It’s time for “Your Town Friday” and this morning we are headed to Shelbyville! You’ll find the Shelby County community about 32 miles southeast of downtown Indy.
When you think of Shelbyville you may think of the Indiana Grand Casino or the historic Strand Theatre, but if you really want to step back in time and get a sense of what Shelbyville was like over 100 years ago, there’s a place where you can do just that in the downtown square.
Shelbyville dates back to the early 1800s. The city is named after Isaac Shelby, Kentucky’s first and fifth governor. In the late 1800s Shelbyville was known as the “Furniture Capitol” as there were 22 manufacturing companies in town. Most went out of business during the Great Depression.
Today, over 19,000 Hoosiers call Shelbyville home and while historic buildings are now being renovated and new businesses have come to town, if you wander over to the Grover Museum you can take a step back in time.
“We have a train station, a train depot, buy your tickets and get on the train. There’s a hotel attached to the saloon, a blacksmith shop next to the livery …a barbershop, get your hair cut, a jail features the bars of Shelby County’s first jail, our little chapel has the pipe organ from the Second Baptist Church and that’s a big donation,” said Executive Director Candace Miller.
Candace takes us through the museum’s night time street scene. It took volunteers over 15 years to build!
“It’s circa 1900 to 1910. There are 27 or 28 store fronts, it is the feature of the museum. The street scene and railroad exhibit are both permanent and there are 3 rotating galleries that change out every 8 to 10 weeks. There’s a mixture of purchased artifacts similar to what would’ve been here along with Shelby County historical artifacts to beef it up and give it a lot to look at. The bar in the saloon is actually a sales counter from the Goodman’s Department store downtown and the mirror behind it is from an old mansion. The emporium on the third Saturday of each month, we open it and serve free root beer floats. It’s a 1900 soda shop drug store kind of thing,” said Candace.
Right along Shelbyville’s downtown square you’ll also find this working art gallery.
“I call it a working art gallery because my wife does baskets here and my daughter is throwing the pottery and when I’m here I do stained glass, wire wrap jewelry or copper,” said Al Taylor.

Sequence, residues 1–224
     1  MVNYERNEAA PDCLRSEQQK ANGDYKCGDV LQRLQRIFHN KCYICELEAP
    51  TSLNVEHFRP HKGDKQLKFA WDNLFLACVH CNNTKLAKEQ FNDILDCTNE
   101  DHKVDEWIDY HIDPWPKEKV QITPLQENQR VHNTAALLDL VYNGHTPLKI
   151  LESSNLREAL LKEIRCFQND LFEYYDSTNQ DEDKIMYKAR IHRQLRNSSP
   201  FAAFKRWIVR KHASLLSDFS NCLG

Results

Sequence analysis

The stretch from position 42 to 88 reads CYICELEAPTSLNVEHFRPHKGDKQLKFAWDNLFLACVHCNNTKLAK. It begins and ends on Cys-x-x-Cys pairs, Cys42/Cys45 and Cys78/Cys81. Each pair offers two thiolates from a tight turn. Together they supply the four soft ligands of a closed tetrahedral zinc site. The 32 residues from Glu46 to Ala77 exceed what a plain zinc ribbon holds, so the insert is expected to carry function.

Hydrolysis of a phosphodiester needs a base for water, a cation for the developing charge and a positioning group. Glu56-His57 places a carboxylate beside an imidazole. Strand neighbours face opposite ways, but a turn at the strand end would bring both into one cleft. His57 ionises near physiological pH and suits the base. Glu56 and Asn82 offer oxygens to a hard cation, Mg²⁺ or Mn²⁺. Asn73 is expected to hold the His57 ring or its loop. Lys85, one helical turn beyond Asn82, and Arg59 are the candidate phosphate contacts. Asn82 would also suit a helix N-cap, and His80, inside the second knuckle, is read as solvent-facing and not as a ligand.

Al Taylor says Shelbyville needed an outlet where local artists could show off their talent and sell their works of art, so two years ago he opened Aba-Creations.
“Everything is handmade and 95% are from local artists. It gives Shelbyville, the local community and other people, a chance to come in and buy local and it’s good quality art stuff. Not only do we sell, we also give lessons, basket lessons, stained glass lessons and jewelry lessons,” said Al.
Al has many regular customers but he also sees a lot of people from outside of Shelby County.
On the other side of the square, Chef Joseph Martin also sees a handful of people from all over central Indiana. They come in hungry and leave happy!
“We like comfort food, things that tie people together when they’re sitting across the table from each other,” said Chef Joseph, who opened 18 On The Square nearly 4 years ago.
“The building was built in 1868, it was an opera house and then 10 years later it turned into hardware store. It had a long history there until 1986 when it closed down and since then it’s been several different things,” said Chef Joseph.
Today it’s a restaurant that features seasonal American cuisine with a southern flare.
“We always have fried green tomatoes, it’s a little cliché, it spans all boundaries south north east west, we have charcuterie, game and meat plates, cheeses and veggies. Shelbyville is revitalizing itself and we are hopefully on the front side of that. People are drawn to this town, it’s the old world and new world in this town in both atmosphere and food,” said Chef Joseph.